Why the Geno Smith Era is Over

New York Jets quarterback Geno Smith talks to members of the media after practice at the team's NFL football training camp, S
New York Jets quarterback Geno Smith talks to members of the media after practice at the team's NFL football training camp, Saturday, Aug. 1, 2015, in Florham Park, N.J. (AP Photo/Julie Jacobson)

Reduced to a punchline, out for 6-10 weeks due to a broken jaw, liked by few and admired by none, Geno Smith and his era for the New York Jets must finally come to an end.

Let me be very clear. There is no dispute that Geno was the victim of physical violence. This is regrettable, unjustifiable and could require legal remedy. But at the same time, an entire franchise and fan base have been the victims of his emotional immaturity. I would personally be ecstatic if my assessment of Geno ultimately proves wrong. But we can simply not forget his theatrics when he was passed over (for good reasons as it turned out), in the first round of the NFL draft; or how he lost his cool and yelled an obscenity to a heckler after a home defeat to the Detroit Lions; or how he missed a team meeting in the west coast with a lame, dimwitted excuse, prior to a 31-0 shutout to the San Diego Chargers.

We now learn that he got sucker punched by IK Enemkpali over a $600 dollar debt. Certain conclusions are thus inescapable: Geno cannot handle the bright lights of the Big Apple or the pressure that comes with the job of a starting QB. He is thin skinned, temperamental and exhibits poor judgment time after time. Because of him, the New York Jets dominate headlines for all the wrong reasons and become late night comedy fodder. And let us not forget who drafted him: John Idzik, a perennial candidate for worst GM in the history of the NFL.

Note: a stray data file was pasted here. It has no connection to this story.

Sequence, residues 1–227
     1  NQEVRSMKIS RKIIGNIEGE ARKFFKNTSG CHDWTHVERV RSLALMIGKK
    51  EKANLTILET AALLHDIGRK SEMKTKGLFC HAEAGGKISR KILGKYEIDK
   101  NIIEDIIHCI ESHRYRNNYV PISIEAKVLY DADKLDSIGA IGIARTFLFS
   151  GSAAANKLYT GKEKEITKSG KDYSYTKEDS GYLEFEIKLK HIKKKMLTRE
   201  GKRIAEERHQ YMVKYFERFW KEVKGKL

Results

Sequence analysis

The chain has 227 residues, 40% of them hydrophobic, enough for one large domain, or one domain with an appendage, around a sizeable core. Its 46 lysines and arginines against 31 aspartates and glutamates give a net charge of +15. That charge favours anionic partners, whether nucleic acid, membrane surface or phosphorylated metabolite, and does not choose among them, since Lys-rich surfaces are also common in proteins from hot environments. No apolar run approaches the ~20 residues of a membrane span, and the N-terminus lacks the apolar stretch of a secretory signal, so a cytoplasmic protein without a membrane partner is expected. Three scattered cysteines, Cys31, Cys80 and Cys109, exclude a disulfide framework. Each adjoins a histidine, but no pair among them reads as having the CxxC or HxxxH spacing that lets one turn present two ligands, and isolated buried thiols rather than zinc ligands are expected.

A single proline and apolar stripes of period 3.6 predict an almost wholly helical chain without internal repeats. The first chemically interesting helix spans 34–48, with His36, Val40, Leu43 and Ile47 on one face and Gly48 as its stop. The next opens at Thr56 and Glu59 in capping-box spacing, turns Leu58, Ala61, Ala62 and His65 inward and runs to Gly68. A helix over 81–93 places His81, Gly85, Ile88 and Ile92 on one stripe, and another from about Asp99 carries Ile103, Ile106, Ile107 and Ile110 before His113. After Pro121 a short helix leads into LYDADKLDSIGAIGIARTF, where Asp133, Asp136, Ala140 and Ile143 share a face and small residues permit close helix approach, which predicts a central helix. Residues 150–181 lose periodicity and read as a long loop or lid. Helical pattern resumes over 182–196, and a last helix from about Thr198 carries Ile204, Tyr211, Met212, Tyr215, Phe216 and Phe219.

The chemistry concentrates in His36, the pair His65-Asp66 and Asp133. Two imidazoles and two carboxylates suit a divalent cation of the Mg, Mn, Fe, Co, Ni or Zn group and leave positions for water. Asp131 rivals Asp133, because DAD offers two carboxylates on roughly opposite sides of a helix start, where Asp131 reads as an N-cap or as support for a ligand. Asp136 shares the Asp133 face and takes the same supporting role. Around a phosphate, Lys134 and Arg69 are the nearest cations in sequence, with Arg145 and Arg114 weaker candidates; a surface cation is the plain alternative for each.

Geno Smith is not a leader. Period. It would have been simply inconceivable for a Peyton Manning or a Joe Namath or [enter here the name of any great QB] to be shown such disrespect and punched for an off the field reason by a teammate. The best NFL players are like generals who inspire their troops to battle, valor and sacrifice. What we witnessed in the Jets locker room was akin to mutiny. Tellingly, Jets players simply did not bother to come to Geno's defense. Some apportioned blame to both sides, others to Geno himself. Ultimately, it does not matter. We now have proof of what we have long suspected: Geno cannot and should not be in charge of the Jets.

Admittedly, character flaws and bad behavior are sometimes overlooked due to phenomenal performance. Defensive tackle Ndamukong Suh is widely considered to be a very dirty player, but that did not stop the Miami Dolphins from awarding him a $114 million contract. The problem with Geno is that he is a nightmare of a player, a turnover machine (his career TD-INT ratio is 25-34) who routinely panics if his first read fails. Word was that he had improved in practice but that is almost meaningless absent real conditions. We do not award Super Bowl rings for training camp or preseason.

Where do the New York Jets go from here? Ryan Fitzpatrick is now the starting QB. He is a cerebral veteran, but it remains to be seen how much gas he has left in his tank for his 11th season in the NFL. Bryce Petty is a work in progress who if developed properly might be the future face of the franchise. Possibly another veteran such as Matt Flynn will be brought in to provide depth in the QB position and some insurance if Fitzpatrick is injured early in the season. Within a vastly improved AFC East, the prospects for the New York Jets season look bleak. But the Jets will fly again. There is every reason to trust HC Todd Bowles and GM Mike Maccagnan. But not Geno Smith. His days as a starting QB should be finally over.